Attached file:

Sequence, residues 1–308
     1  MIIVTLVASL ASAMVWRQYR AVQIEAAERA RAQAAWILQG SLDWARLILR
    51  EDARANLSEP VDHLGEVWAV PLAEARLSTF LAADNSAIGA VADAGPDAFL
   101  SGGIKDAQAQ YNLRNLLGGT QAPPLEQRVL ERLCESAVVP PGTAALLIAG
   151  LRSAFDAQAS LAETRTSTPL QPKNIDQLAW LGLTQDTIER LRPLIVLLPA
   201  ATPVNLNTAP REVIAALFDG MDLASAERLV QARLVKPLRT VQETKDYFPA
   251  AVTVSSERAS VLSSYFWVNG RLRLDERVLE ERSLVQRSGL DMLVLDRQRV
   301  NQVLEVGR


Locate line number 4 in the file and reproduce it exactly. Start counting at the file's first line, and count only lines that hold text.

   101  SGGIKDAQAQ YNLRNLLGGT QAPPLEQRVL ERLCESAVVP PGTAALLIAG